This morning, we will be looking at one of the stanzas of Psalm 119. We will be looking at the he (pronounced "hey") stanza, which begins in verse 33. Every verse of this stanza begin with the Hebrew letter, he. What is significant about this letter is that it used in a particular Hebrew tense, which is call the hiphil. Whenever you find a word in the Hiphil, it always begins with the letter, he. Should you be able to read the Hebrew text of this stanza, you would quickly be able to discern that 7 of the 8 verses begin with verbs that are in the Hiphil tense.
The hiphil tense is primarily a "causative" tense. That is, it often communicates a command or a request, as if you are expressing a desire to cause something to happen. "Show me." "feed me," "bring to me." It's not the only Hebrew tense used to issue a command, but it does contain an intensity that other verb forms don't have. But, it's more intensive than a mere request or demand. It contains the idea of "causing" something to happen. "Cause me to see it." "Cause me to eat it." "Cause me to hold it."
For instance, in verse 33, we read, "Teach me, O LORD, the way of Your statutes." The idea here is that the Psalmist is making a request of God. He is asking God to be active in the teaching process. To pull out the idea of the hiphil, you might translate this, "cause me to learn the way of Your statutes." In verse 34, we see another hiphil, "Give me understanding, that I may observe Your law." Again, you can see the Psalmist making a request of God. He is asking God to be active in giving him understanding. To pull out the idea of the hiphil, you might translate this, "cause me to understand Your law."
Below are the verses of the stanza. As you read them, see if you can discern which verse doesn't begin with a hiphil verb. In other words, which verse in this stanza doesn't begin with a request or command of any type.
33 Teach me, O LORD, the way of Your statutes, and I shall observe it to the end.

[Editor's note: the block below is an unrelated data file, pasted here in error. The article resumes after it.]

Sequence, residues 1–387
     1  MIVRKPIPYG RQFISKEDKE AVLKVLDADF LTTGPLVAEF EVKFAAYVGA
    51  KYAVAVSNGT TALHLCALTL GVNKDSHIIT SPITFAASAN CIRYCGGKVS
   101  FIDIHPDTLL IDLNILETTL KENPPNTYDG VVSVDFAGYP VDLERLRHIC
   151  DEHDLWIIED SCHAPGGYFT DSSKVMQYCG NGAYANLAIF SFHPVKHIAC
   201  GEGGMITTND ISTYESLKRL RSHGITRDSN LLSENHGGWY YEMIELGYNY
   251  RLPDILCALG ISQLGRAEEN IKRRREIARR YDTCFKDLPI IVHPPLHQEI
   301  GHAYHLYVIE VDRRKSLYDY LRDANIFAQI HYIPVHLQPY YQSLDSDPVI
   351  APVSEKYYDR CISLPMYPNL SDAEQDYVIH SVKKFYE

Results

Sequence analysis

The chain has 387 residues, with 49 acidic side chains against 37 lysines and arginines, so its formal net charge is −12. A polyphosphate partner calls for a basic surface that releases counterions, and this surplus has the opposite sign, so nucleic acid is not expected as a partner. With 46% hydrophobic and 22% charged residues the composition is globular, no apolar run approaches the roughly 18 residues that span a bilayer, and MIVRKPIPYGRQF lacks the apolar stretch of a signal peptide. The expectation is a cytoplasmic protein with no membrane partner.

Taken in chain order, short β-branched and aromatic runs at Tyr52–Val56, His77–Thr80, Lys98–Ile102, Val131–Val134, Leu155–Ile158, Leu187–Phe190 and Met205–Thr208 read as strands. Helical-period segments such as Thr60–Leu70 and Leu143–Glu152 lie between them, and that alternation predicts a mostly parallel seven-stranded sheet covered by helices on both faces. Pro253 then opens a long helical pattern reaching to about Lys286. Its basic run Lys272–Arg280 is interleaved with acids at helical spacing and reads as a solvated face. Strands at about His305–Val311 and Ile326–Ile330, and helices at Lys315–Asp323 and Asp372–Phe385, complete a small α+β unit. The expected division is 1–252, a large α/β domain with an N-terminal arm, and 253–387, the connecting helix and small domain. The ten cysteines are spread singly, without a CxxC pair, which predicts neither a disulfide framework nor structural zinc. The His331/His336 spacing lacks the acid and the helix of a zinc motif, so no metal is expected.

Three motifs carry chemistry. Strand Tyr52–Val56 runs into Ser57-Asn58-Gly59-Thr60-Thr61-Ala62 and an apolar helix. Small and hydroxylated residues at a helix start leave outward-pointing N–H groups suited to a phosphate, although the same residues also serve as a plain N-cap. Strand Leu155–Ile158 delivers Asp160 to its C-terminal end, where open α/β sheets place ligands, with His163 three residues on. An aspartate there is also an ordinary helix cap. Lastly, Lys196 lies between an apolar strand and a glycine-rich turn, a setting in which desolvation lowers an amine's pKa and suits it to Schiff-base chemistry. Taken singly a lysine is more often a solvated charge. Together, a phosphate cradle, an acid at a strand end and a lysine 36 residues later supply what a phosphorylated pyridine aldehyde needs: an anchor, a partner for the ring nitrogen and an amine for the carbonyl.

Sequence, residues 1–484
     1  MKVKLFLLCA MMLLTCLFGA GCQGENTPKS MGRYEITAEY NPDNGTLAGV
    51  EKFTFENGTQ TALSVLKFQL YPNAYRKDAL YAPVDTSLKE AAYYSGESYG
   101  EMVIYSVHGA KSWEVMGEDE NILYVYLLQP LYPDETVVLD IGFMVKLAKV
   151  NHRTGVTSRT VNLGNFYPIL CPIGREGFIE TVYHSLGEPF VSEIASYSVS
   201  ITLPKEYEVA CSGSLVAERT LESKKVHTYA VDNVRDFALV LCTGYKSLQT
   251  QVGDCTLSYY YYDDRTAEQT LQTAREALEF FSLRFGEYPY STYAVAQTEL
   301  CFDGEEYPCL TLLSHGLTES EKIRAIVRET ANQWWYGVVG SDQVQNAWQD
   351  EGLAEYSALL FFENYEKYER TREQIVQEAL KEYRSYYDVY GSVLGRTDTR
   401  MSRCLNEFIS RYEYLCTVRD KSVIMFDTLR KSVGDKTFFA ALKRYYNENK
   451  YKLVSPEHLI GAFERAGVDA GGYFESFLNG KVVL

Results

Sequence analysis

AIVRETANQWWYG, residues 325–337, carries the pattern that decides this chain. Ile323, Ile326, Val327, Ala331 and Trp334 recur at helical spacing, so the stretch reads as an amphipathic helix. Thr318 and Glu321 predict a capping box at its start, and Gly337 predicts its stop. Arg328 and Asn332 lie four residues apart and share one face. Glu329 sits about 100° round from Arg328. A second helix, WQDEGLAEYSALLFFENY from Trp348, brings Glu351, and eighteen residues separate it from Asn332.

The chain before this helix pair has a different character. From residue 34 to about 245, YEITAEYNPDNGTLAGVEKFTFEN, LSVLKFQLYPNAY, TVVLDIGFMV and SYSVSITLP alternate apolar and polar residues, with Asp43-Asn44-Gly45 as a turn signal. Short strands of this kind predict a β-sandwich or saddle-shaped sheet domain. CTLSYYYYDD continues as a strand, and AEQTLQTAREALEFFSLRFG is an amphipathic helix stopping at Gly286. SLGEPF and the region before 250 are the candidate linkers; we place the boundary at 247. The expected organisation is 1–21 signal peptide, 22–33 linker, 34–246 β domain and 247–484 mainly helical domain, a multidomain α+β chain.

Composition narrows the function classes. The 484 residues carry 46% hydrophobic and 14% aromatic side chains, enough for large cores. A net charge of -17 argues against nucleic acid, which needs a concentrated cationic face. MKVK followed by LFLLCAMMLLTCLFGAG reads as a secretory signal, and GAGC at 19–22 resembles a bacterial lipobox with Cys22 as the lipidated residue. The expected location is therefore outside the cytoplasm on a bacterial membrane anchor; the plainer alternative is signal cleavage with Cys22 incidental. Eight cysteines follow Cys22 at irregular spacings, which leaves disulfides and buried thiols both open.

34 Give me understanding, that I may observe Your law and keep it with all my heart.
35 Make me walk in the path of Your commandments, for I delight in it.
36 Incline my heart to Your testimonies and not to dishonest gain.
37 Turn away my eyes from looking at vanity, and revive me in Your ways.
38 Establish Your word to Your servant, as that which produces reverence for You.
39 Turn away my reproach which I dread, for Your ordinances are good.
40 Behold, I long for Your precepts; revive me through Your righteousness.
Which verse didn't begin with the hiphil? Only verse 40. But, it still contains an imperative, "Revive me" (in verse 40). It's simply that it's not in the hiphil. It's in another tense, call the piel. Now, in light of the letter, he, which begins each verse in this stanza and in light of the hiphil tense, my message is entitled, "Hey! Work in Me!" That's what the Psalmist desires here in these few verses. He desires that God would do a work in his heart. Just look at the verbs, Teach me, ... Give me understanding, ... Make me walk, ... Incline my heart, ... Turn away my eyes, ... Establish your word to your servant, ... Turn away my reproach." There is only one of these verbs that isn't directed toward God doing something in his own life to lead him to a greater love for and devotion to the LORD.
He requests that the LORD work in him, by teaching him (:33), and by giving him understanding (:34). He requests that the LORD cause him to obey, by making him walk in obedience (:35), and by turning his eyes away from sin (:37). He's requesting that the LORD to stir his heart to seek the LORD, by inclining his heart (:36), and by establishing His word in him (:38).
The only verse that doesn't address God's work in him comes in verse 39, "Turn away my reproach which I dread." Verse 39 has to do more with God working in others who would bring him scorn and contempt, much like verse 22, "take away reproach and contempt from me." But, the majority of these eight verses are this, "Hey! Work in Me!"
For my outline this morning, I have four points. Each of these points summarize two verses, which help capture the theme of this section. My first point is this, ...
The Psalmist says, "Teach me!" This is the burden of verses 33-34, "Teach me, O LORD, the way of Your statutes, and I shall observe it to the end. Give me understanding, that I may observe Your law and keep it with all my heart." The thrust of both of these verses are the same. Teach me, that I may follow you. Give me understanding of you.
I want for you to think here of the Psalmist's dependence upon the LORD to learn his word. He didn't say, "I'm going to study hard, that I might know your word." He didn't say, "I'm going to devote an hour a day to memorizing the Scripture." No, He said, "Teach me, O LORD, the way of Your statutes." He said, "Give me understanding."